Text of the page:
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Watch Obama announce a fix to the latest ObamaCare problem
If you like your insurance, you can keep it. (No, for real this time.)
 

Bowing to mounting political pressure, President Obama on Thursday announced that the administration would allow health insurance companies to continue offering plans that would otherwise be canceled under ObamaCare's tighter rules.

In the latest hiccup for ObamaCare, millions of Americans have or are expected to to be dropped from their existing policies, even though Obama repeatedly promised that people who liked their insurance would be able to keep it.

"I completely get how upsetting this can be for a lot of Americans, particularly after assurances that they heard from me that if they had a plan that they like, they could keep it," Obama said. "And to those Americans, I hear you loud and clear."

"I said that I would do everything we can to fix this problem and today I'm offering an idea that would help do it," he added.

The change would allow insurance companies to re-up existing plans one year, so long as they explain why those plans don't meet ObamaCare's new standards. However, insurers would not be required to extend those plans, putting the onus on them to keep people covered.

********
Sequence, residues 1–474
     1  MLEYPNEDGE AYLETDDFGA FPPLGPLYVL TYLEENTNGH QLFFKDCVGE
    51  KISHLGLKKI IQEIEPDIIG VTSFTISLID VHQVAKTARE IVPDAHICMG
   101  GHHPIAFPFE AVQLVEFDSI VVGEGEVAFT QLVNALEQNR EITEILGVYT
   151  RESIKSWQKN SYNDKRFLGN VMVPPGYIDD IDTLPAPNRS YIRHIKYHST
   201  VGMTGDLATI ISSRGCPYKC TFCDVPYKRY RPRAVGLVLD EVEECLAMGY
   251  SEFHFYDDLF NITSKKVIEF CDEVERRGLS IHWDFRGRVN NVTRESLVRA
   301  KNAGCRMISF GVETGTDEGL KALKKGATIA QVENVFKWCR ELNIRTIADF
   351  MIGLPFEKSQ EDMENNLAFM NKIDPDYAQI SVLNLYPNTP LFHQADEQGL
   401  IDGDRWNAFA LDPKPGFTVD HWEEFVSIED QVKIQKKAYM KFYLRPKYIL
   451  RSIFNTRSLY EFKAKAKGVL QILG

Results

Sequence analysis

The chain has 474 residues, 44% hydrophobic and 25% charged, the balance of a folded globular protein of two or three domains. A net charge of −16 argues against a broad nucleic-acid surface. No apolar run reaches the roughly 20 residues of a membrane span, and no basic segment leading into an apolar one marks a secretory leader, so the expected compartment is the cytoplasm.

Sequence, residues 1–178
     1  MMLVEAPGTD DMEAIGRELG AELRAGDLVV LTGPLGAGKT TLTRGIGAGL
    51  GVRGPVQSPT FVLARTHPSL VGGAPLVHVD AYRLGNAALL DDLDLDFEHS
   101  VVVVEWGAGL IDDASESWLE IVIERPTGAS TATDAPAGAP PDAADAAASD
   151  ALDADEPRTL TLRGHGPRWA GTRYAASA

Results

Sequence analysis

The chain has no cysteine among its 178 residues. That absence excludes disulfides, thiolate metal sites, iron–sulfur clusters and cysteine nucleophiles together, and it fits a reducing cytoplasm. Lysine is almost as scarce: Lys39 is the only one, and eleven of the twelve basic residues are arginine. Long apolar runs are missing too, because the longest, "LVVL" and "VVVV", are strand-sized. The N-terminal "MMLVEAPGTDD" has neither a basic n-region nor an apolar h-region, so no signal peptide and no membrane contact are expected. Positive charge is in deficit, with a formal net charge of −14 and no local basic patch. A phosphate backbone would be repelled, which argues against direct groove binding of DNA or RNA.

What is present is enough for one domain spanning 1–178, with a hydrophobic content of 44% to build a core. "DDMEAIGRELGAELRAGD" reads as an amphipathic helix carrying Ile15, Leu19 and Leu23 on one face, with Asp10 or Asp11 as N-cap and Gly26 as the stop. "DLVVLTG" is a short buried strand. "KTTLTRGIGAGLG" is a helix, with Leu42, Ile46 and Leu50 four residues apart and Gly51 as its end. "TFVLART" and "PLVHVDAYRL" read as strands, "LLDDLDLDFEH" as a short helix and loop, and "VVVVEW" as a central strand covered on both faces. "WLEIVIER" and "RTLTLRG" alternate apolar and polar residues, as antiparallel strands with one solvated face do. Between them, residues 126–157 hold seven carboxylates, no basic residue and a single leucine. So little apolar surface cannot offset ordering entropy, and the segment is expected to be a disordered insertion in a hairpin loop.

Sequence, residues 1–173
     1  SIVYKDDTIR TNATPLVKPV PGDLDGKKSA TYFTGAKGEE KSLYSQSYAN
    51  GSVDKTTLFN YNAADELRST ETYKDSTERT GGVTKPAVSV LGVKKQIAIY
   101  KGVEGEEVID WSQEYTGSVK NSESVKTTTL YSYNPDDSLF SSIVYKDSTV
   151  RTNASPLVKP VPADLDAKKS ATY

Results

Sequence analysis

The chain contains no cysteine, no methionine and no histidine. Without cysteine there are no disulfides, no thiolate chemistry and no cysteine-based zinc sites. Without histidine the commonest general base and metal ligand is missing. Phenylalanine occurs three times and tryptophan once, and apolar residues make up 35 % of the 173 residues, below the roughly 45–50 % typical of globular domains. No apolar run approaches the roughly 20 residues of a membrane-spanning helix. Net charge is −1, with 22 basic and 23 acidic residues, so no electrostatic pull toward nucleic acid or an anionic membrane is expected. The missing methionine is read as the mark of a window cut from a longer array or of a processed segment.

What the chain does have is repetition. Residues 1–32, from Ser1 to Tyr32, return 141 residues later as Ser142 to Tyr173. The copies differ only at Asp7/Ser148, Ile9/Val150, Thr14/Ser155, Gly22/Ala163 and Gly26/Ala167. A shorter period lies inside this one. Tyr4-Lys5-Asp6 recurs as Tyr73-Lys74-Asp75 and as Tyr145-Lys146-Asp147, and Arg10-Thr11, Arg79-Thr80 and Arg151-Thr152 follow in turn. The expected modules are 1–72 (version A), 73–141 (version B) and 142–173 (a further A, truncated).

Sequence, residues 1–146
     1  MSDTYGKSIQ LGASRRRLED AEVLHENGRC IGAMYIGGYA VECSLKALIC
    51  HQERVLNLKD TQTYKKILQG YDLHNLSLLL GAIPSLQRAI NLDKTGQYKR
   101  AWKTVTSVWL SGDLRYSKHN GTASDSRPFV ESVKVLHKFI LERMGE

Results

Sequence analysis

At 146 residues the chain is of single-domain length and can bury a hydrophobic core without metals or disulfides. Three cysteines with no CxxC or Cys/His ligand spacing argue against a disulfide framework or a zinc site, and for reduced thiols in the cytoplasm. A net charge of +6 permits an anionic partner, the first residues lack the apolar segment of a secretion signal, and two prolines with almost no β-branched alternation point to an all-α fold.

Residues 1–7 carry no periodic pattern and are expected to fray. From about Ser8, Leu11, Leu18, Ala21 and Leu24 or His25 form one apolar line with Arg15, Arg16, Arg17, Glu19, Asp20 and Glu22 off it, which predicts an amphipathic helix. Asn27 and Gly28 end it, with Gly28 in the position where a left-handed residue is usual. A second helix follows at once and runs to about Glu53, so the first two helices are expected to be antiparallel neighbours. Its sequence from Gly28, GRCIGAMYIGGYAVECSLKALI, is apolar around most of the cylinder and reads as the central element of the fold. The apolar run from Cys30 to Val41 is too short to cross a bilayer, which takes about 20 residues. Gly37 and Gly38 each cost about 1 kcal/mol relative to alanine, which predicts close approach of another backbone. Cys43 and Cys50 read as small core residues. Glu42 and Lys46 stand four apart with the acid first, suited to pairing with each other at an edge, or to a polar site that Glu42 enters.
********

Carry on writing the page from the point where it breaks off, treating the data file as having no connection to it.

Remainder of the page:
"The Affordable Care Act is not the reason insurance companies are going to have to cancel your plan," Obama said.

Even with the announcement, there are a few proposals in Congress that would tweak the law in slightly different ways and that could still come up for votes. Though Obama said he was open to working with lawmakers on a mutual solution, he added that he would "not accept proposals that are a brazen attempt to undermine or repeal the law."

A House plan written by Rep. Fred Upton (Mich.) — the "Keep Your Health Plan Act" — would likely do just that by allowing insurers to keep offering old policies to new customers, thus draining the exchange marketplace of the new customers it needs to survive.

 
Jon Terbush is an associate editor at TheWeek.com covering politics, sports, and other things he finds interesting. He has previously written for Talking Points Memo, Raw Story, and Business Insider.

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